Publisher: Harper Voyager
Genre: Tomorrow Fiction/Social SF
Publication Date: 1950
Mars. Not the lifeless rock some may believe, but a world teeming with life. And as life on Earth spirals into war, it is to the red planet that eyes turn, and the rockets are aimed. But will humanity find salvation on Mars, or more danger . . ?
Continuing this month’s accidental reading list of books that are far older than me, The Martian Chronicles is one of Ray Bradbury’s most famous works, possibly eclipsed only by Farenheit 451. Despite his pedigree (he’s one of those rare science fiction authors to be fully adopted by non-genre readers), Bradbury is an author I haven’t read before. Though his back catalogue shows a lot of variety, most of his stories have never really seemed to be in my wheelhouse. But sometimes an author receives enough hype that you can’t help but look. In this case, I’m glad I did.
The Martian Chronicles is a fix-up of a whole bunch of short stories, some of which were written for this collection. As such, there’s no real central plot. No characters to string the thing together. In this, it reminds me a lot of Foundation, which is always a good thing, and like that masterpiece of SF, The Martian Chronicles covers a great deal of time, chronicling the entire history of Earthmen and their attempt to colonise Mars.
We start off seeing the Martians in their native environment. truth be told, the martians feel more like a nineteen-fifties American town than anything else. Even if they are telepathic and use a lot of crystals in their architecture, they still cling to the gender roles of the time it was written. It’s a feature, rather than a bug, but is worth bearing in mind as you find your footing. It is the early interactions of Martians and Earthmen that form the best part of the book, with Martians flat-out not believing that Earth can support life, and throwing the intrepid astronauts into an asylum. Once we start following human characters, the Martians largely disappear from the narrative as the attention goes to the societal changes a new planet brings. Right at the end, Bradbury leads us to the inevitable conclusion: At some point, humans became more Martian than Earthman.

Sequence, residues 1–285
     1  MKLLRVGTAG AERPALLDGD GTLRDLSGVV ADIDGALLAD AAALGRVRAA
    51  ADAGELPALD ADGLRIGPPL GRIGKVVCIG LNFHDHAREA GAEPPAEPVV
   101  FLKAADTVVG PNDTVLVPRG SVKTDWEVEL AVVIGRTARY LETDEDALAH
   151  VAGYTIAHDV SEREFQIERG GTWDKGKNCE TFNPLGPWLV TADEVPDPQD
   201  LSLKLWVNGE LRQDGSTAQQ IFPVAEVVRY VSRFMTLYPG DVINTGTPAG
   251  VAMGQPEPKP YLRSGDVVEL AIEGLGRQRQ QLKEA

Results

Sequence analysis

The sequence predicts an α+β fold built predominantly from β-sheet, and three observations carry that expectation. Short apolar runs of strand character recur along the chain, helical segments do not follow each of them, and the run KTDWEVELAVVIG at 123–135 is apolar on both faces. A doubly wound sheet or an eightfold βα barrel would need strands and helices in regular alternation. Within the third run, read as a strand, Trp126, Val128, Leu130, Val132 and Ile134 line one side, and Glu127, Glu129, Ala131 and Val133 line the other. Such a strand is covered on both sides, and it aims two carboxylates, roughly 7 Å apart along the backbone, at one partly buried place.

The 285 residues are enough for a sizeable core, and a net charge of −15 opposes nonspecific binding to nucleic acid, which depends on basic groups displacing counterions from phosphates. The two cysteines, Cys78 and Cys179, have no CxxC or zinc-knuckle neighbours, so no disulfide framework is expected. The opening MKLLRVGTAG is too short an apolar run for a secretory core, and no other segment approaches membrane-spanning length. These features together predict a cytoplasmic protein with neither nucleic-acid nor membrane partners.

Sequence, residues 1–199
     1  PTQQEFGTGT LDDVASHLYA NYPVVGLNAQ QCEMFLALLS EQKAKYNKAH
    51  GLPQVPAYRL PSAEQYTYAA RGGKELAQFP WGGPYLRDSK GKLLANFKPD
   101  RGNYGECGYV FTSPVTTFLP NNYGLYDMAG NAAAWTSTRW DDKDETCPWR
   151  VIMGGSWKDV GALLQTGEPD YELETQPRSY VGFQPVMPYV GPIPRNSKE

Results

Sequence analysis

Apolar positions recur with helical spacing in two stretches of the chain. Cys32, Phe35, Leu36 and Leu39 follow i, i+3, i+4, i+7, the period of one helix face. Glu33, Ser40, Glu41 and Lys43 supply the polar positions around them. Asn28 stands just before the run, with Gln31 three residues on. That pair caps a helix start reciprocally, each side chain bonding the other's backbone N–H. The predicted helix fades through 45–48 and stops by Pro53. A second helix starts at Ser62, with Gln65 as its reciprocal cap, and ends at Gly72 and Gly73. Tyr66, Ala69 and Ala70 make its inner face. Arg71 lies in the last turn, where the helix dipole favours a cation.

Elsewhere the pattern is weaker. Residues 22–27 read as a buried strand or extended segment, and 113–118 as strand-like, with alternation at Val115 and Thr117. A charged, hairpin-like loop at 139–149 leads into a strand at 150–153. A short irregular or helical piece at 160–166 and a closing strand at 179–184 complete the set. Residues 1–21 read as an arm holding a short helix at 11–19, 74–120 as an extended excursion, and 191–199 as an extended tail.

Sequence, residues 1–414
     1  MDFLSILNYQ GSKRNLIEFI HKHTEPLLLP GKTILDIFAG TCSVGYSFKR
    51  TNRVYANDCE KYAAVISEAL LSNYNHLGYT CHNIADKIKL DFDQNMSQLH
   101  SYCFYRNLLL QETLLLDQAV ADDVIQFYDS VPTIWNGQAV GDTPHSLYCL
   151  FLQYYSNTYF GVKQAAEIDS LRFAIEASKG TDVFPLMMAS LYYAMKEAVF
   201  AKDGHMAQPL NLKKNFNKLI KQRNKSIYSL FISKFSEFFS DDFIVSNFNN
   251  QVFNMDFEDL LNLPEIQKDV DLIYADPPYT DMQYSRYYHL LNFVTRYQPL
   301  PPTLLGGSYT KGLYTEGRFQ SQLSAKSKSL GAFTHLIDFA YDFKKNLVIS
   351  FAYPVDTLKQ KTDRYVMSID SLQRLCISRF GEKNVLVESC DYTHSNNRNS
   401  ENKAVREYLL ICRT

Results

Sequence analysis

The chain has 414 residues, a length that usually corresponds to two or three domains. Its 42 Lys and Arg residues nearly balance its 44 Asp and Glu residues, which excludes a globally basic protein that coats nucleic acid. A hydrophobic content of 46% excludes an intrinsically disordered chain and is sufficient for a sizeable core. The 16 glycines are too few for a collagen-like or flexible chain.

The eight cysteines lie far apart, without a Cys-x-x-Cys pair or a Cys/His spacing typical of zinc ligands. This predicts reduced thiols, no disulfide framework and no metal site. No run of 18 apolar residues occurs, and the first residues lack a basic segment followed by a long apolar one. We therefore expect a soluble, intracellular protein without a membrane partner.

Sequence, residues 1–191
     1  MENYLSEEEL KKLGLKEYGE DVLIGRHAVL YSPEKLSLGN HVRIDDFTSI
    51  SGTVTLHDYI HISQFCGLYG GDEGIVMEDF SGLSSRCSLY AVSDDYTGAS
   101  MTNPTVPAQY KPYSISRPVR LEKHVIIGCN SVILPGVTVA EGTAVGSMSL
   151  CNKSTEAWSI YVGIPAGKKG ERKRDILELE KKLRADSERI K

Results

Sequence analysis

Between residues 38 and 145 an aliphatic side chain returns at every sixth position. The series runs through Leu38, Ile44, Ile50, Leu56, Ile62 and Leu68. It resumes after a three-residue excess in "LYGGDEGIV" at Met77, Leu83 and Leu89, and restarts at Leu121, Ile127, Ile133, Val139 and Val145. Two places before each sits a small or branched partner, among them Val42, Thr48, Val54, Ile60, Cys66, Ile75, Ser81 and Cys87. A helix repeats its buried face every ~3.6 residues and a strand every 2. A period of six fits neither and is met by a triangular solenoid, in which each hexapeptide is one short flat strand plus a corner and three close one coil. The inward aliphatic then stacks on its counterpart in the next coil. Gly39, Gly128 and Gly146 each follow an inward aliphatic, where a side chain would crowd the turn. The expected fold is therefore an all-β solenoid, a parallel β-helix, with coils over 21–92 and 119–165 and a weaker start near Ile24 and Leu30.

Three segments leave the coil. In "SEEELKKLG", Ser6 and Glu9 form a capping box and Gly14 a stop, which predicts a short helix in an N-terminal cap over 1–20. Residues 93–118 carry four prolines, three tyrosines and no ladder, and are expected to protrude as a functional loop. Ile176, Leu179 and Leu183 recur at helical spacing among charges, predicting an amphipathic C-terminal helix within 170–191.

This is a fairly short book, with a fairly large font. Even so, I was surprised by how quickly I got through it. The variety of length in the stories, from a few dozen pages to only a single page keeps things fresh, and the story rolls on rleentlessly, albeit slowly. Bradbury’s prose is simple, but elegant, and deeply engrossing. there’s nothing wasted with his writing, and every sentence is wonderfully evocative. You can see the glare of the rockets. Feel the blaze of the Martian sunrise. But his writing is also very gentle. There’s no real sense of threat. Not even as characters are murdered and incarcerated. It undercuts the action of the earlier stories, but as time goes on it suits the more melancholy direction the stories take. In the final stories, where Earth calls its children home and Mars stands largely empty, there’s a palpable sadness in Bradbury’s writing, achieving in ten words what some authors can’t in a thousand.
I don’t know if I’ll read any more Bradbury. So many of his stories just don’t seem like they’d be for me. But he is an author I’m going to be keeping an eye out for when I hit the shops. The Martian Chronicles is a classic deserving of the label, and is still an interesting read seventy years later.